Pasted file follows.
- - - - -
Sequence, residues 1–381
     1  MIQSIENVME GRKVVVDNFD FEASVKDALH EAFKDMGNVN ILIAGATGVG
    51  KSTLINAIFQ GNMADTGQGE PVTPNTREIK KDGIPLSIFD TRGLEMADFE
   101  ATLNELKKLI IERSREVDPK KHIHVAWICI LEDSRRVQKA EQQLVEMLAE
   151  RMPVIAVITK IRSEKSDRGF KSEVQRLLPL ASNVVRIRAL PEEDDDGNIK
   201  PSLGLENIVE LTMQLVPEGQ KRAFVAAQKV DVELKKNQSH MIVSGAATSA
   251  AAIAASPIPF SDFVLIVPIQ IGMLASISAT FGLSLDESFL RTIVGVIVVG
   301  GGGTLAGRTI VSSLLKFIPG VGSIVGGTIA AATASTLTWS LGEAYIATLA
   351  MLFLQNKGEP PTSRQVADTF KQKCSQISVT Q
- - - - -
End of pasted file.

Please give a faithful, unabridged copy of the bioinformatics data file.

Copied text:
Sequence, residues 1–381
     1  MIQSIENVME GRKVVVDNFD FEASVKDALH EAFKDMGNVN ILIAGATGVG
    51  KSTLINAIFQ GNMADTGQGE PVTPNTREIK KDGIPLSIFD TRGLEMADFE
   101  ATLNELKKLI IERSREVDPK KHIHVAWICI LEDSRRVQKA EQQLVEMLAE
   151  RMPVIAVITK IRSEKSDRGF KSEVQRLLPL ASNVVRIRAL PEEDDDGNIK
   201  PSLGLENIVE LTMQLVPEGQ KRAFVAAQKV DVELKKNQSH MIVSGAATSA
   251  AAIAASPIPF SDFVLIVPIQ IGMLASISAT FGLSLDESFL RTIVGVIVVG
   301  GGGTLAGRTI VSSLLKFIPG VGSIVGGTIA AATASTLTWS LGEAYIATLA
   351  MLFLQNKGEP PTSRQVADTF KQKCSQISVT Q